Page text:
Wine lovers enjoy stocking their cellars with a variety of amazing wines. A well-stocked cellar includes abundant varieties of reds and whites, imported and domestic, sweet and dry, full-bodied and light wines — something to pair with any dish or offer to any visitor who happens by.
Imported wines from any country come with a markup to cover shipping costs, import fees, and other expenses of selling across national borders. Typically, that markup amounts to 25% to 50% of the cost of the wine at any particular price point.
So, do you get what you pay for when you invest in premium wines from France? How do Napa Valley wines stack up against French wines in terms of taste, quality, and overall value?
Until the late 1970’s, French wines (as well as those from Italy) were considered the benchmark for premium wines. Having honed their grape growing and winemaking skills for centuries, European wineries literally owned the market for fine wines. That all changed at the Paris Wine Tasting of 1976, otherwise known as the Judgment of Paris.
This competition pitted top-tier wines, both white and red, in a blind taste test judged by two notable French connoisseurs. Shocking to all, the California wines ranked the best in every category, a severe disappointment to the British wine merchant, a marketer of solely French wines, who organized the event.
Today, Napa Valley continues to reign as California’s elite wine regions, and is recognized worldwide as a solid producer of high-quality wines. While noted for primarily producing Cabernet Sauvignon and Chardonnay, there are dozens of wine grape varieties grown in Napa Valley and surrounding counties, known collectively as the North Coast American Viticulture Area, or AVA.
So, how do Napa Valley’s wines differ from French wines? Is it worth paying that 25-50% markup to stock your pantry with only Bordeaux, Burgundy, and real Champagne? Let’s take a look …
French Versus Napa Wines: The Growing Conditions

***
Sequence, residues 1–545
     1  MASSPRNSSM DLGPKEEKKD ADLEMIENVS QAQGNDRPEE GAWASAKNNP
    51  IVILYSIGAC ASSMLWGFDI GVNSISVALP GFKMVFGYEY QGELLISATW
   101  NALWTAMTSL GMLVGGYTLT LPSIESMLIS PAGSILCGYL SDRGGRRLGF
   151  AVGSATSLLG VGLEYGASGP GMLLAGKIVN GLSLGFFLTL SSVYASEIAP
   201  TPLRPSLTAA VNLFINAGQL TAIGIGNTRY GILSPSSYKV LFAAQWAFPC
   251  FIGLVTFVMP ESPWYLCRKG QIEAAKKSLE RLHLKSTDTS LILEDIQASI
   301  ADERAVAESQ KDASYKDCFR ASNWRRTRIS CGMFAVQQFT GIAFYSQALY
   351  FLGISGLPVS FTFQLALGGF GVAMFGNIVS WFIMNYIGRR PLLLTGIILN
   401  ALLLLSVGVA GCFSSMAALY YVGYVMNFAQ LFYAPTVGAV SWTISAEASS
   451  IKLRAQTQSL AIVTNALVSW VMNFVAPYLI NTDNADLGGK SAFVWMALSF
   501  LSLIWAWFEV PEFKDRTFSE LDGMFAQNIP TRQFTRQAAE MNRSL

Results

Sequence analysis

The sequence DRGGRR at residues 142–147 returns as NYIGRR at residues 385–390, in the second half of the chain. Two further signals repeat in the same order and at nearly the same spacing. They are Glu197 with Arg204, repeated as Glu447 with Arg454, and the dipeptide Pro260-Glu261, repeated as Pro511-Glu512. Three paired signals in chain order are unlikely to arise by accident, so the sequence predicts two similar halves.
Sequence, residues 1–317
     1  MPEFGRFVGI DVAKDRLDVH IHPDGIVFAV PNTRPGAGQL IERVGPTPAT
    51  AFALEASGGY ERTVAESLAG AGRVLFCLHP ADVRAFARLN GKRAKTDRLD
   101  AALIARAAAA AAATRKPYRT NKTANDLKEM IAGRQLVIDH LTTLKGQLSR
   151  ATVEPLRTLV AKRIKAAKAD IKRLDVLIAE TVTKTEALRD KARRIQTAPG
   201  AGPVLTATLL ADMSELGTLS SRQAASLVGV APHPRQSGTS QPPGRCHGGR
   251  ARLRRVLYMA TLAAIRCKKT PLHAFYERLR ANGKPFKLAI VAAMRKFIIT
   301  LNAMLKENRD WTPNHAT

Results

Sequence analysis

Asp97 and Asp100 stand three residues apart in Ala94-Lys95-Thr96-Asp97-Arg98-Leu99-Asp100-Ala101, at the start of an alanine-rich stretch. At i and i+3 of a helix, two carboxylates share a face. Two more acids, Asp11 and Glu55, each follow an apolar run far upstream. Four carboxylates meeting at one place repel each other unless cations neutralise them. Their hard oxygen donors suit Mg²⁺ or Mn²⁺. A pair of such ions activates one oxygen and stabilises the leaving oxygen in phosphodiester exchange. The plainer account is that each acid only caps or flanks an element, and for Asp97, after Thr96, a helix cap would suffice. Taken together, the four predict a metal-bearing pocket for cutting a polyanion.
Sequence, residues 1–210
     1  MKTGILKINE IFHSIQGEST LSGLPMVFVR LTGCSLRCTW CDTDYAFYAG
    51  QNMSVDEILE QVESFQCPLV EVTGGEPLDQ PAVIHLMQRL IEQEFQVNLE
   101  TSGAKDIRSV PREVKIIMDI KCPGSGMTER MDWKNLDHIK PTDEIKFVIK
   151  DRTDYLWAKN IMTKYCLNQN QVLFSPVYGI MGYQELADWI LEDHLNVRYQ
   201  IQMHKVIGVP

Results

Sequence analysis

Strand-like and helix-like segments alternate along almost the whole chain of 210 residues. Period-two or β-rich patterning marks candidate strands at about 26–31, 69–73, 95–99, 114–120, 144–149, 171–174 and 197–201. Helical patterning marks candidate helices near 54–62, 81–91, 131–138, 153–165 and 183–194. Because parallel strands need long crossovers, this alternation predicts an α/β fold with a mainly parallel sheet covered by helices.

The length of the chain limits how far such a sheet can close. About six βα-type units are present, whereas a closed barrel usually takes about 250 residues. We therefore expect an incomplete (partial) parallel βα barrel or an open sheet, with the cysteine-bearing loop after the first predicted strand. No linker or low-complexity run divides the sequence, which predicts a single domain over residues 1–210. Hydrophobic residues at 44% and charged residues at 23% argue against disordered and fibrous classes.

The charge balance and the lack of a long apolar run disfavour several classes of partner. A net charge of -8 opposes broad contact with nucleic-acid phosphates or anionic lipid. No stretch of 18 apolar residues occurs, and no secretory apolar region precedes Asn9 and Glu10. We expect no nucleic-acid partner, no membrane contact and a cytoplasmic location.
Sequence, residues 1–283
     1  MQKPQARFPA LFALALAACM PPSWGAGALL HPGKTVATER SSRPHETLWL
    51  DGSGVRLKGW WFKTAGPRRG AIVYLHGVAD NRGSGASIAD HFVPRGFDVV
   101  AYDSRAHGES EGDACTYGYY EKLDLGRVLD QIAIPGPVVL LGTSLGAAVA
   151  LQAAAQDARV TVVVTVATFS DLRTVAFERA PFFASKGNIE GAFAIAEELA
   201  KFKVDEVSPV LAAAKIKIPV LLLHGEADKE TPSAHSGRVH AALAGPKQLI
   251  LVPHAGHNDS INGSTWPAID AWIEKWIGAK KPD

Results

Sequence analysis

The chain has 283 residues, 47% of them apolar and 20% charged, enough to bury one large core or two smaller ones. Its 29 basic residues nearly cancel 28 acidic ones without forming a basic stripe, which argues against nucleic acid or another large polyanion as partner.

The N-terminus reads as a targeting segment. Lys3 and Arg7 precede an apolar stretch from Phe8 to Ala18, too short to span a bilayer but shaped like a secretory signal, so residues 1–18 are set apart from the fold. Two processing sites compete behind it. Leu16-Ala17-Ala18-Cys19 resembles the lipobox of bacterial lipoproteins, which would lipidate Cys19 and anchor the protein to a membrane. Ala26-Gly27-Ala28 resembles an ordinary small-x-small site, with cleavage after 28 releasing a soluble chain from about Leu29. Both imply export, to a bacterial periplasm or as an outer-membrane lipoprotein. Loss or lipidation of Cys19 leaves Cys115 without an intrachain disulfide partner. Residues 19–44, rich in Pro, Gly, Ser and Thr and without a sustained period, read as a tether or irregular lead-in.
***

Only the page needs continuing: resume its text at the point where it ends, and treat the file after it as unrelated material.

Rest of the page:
Generally, French wines are grown in wetter, cooler conditions. Napa Valley is noted for its soil, which is fed by millennia of volcanic activity, but also for its predictably mild temperatures (usually neither too hot nor too cold) and somewhat limited rainfall. The cooler climate in French wine regions tends to deliver grapes that produce lighter, less alcoholic wines that are more acidic in flavor. Whether that’s desirable depends on the drinker — Americans tend to enjoy a fuller-bodied, less acidic wine that’s stronger in alcohol content.
French Versus Napa Wines: The Qualities of the Wines
Quality in France is assessed much by the region where the grapes were grown, as opposed to the variety of the grape and the winemaking process. Hence, a Burgundy or Bordeaux is judged more for being authentically grown in that area of France instead of what kinds of grapes the wines were made with and the process that yields the final taste, texture, and qualities of the wines. Hence, French wines are called by the region (aka Champagne) while Napa Valley’s wines are named for their grape variety (Chardonnay and Merlot).
French Versus Napa Wines: The Final Verdict
The conversation in the wine industry no longer focuses much on French versus American or Napa Valley wines. It’s broadly accepted (aside from a few who have obvious bias) that excellent wines regularly come from both regions. The discussion now falls on the skills and products of individual wineries. Yes, there are some big name wineries in Napa Valley that regularly accept awards for their efforts, but just as many excellent wines come from the smaller, family-owned wineries in Napa Valley and Northern California. While you don’t usually see their wares in the national supermarket chains, they’re readily available for direct order, and are commonly featured in wine tastings around the world.
How can you choose? Start with a wonderful Napa Valley wine tour and pick out your own favorites. Then you can decide when to pay that hefty markup for French wines, knowing that you can always have a fully-stocked cellar of delectable domestic wines that taste just as good for a fraction of the price. With more than 3 dozen grape varieties and over 500 Napa Valley wineries to tour, there’s something for everyone!